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It was the middle of March when the order came to close shops.
The pandemic was particularly brutal for business owners like Brad Ruoho, who owns the Minnesota-based toy store Legacy Toys. In 2012 he founded the now seven chain stores in the Northwoods of Minnesota with one focus: It is "very interactive, practical, a lot to do for the children," he tells Fortune. In fact, "In our first store, we had a full tree that we built in the middle of the store, and we built a saltwater aquarium." Interactive rates like this play a prominent role in Ruoho's 7,500-square-foot store in the Mall of America – A way to entice children to "have more hands to play, interactive play than just any video game," he says.
A shopper leaves the Legacy Toys store in the Mall of America in Bloomington, Minnesota. Photo by Kerem Yucel / AFP via Getty ImagesKEREM YUCEL – AFP / Getty Images
Three new locations were open less than a year ago when the order came to close. Ruoho's number of employees fell from 80 to just four in seven branches because he took the most leave. Ruoho says he needs to turn his business around quickly and speed up plans (which were already in place before the pandemic) to start building an online store immediately.
“Fortunately, we were able to launch the new website quickly and it immediately turned into thousands and thousands of sales that are ongoing. Then we turned to find out how we can ship all this stuff. How do we pack it all? We adapted quickly and tried to get it to work, ”he says. In addition to the quick plans to launch a website, Legacy Toys (like many retail stores) has started roadside pickup and even let employees deliver within a 10 mile radius of their stores, which reopened in mid-June.
But without financial help, the linchpin would probably not have been possible to get employees back to work on the company's new website.
The Small Business Administration's $ 670 billion salary check protection program was built as a bridging loan for small businesses to overcome the deadlocks. It was set up in a hurry to give small businesses up to $ 10 million in unsuccessful loans. However, the program was controversial almost from the beginning, as many small companies were initially excluded from the program, while funds went to large (in some cases) listed companies. So far, however, the program has provided emergency loans (which can be converted into grants if used properly) to almost 5 million companies.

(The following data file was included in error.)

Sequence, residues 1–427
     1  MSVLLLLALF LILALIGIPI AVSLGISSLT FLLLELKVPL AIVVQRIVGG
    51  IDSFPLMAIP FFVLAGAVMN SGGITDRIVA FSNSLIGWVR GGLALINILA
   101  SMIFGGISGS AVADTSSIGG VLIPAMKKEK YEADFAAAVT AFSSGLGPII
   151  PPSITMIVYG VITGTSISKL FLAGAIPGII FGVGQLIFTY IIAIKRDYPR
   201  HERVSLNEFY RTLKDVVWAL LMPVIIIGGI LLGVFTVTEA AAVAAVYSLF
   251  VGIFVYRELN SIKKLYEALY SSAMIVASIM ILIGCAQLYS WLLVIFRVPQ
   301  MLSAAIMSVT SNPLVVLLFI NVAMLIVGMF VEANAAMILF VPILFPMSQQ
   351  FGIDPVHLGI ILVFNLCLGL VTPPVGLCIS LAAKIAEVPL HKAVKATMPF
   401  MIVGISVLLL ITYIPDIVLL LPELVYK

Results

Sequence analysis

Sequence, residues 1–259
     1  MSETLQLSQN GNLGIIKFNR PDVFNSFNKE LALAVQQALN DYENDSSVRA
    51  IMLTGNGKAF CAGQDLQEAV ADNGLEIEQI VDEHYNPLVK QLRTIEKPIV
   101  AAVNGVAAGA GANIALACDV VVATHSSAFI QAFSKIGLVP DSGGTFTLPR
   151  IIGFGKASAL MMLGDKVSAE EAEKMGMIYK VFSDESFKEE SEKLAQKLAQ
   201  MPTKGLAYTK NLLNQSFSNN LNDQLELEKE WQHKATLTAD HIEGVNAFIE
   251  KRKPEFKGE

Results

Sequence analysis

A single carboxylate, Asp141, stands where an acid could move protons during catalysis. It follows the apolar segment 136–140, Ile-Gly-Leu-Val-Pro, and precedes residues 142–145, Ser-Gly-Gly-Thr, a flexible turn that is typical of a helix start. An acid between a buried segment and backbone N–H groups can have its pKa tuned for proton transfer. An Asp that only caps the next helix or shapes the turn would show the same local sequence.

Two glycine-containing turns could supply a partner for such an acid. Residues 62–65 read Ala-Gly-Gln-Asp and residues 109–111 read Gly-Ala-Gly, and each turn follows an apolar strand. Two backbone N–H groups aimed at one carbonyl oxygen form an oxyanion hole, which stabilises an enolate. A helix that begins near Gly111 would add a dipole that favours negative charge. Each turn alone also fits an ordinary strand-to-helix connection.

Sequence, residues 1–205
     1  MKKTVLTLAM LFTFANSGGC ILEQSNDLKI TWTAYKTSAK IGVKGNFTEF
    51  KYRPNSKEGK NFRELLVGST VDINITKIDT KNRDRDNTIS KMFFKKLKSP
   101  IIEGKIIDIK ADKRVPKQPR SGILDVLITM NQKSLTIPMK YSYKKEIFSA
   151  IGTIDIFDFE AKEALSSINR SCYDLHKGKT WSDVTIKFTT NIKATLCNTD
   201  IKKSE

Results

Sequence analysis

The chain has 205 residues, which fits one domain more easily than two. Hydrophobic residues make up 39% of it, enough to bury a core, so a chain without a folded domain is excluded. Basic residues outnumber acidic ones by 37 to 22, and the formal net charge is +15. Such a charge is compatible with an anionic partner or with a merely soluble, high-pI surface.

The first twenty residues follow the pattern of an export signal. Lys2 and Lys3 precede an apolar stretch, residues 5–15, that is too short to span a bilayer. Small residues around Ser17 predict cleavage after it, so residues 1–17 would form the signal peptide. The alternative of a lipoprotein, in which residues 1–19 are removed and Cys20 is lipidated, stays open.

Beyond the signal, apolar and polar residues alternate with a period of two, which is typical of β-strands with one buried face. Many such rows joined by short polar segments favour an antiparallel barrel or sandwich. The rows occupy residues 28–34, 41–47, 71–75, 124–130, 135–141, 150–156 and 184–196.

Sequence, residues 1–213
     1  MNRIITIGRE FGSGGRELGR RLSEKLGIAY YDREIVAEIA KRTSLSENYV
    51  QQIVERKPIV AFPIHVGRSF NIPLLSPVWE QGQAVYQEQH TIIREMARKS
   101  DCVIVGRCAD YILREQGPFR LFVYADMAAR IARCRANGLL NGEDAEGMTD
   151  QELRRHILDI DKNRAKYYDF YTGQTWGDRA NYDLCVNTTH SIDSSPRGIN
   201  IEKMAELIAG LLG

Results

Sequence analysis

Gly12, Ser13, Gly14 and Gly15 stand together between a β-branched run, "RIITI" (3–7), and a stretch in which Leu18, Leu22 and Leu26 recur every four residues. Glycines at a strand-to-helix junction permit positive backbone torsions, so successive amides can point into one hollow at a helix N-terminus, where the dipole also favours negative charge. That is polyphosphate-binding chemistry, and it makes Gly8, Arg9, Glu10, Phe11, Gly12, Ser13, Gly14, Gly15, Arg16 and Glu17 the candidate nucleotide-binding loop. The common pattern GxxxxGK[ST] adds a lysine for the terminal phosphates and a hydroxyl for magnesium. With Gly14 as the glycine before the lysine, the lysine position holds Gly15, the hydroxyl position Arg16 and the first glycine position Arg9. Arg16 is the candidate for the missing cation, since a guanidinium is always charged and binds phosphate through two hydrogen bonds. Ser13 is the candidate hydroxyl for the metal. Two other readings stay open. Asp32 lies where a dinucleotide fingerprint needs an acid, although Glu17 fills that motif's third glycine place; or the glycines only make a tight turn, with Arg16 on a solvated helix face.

Legacy Toys “immediately” applied for a PPP loan and received $ 160,000. According to Ruoho, the loan was "a huge chunk of what kept us going".
After Legacy Toys launched the new website, the company was able to bring around 60% of its employees back to COVID thanks to early sales and the PPP loan, according to Ruoho. Since launching the online shop, Ruoho has hired new IT and marketing jobs to drive the growing new part of its business. According to Ruoho, Legacy Toys is now for the first time delivering internationally to customers who "have never heard of us" and who have found the company through Google Shopping and other channels. In fact, website sales now match Legacy Toy's pre-pandemic sales in all stores.
"We grew so quickly that we literally didn't send anything and sent hundreds of packages a day," he says. A hot seller, Ruoho says: "We only sent ridiculous amounts of puzzles – 500, 600 puzzles a day."
Legacy Toys used its PPP loan to build an e-commerce business that was in high demand. Photo by Kerem Yucel / AFP via Getty Images.KEREM YUCEL – AFP / Getty Images
Although federal credit (and its employees' chewing gum) has so far helped Ruoho's business muscle through the pandemic, what happens next is still in the air. The fate of shopping centers and retail stores is a question mark, as cases are becoming more common across the country and Ruoho still hasn't been able to hire all of its employees.
But Ruoho is determined to make the best of things in the meantime. He says the company is working with educators to develop a curriculum and products for the whole family who expect their children to teach at home in the fall.
“We see this as an opportunity and a necessity for the parents. We can be a resource for them and help them, ”he says.
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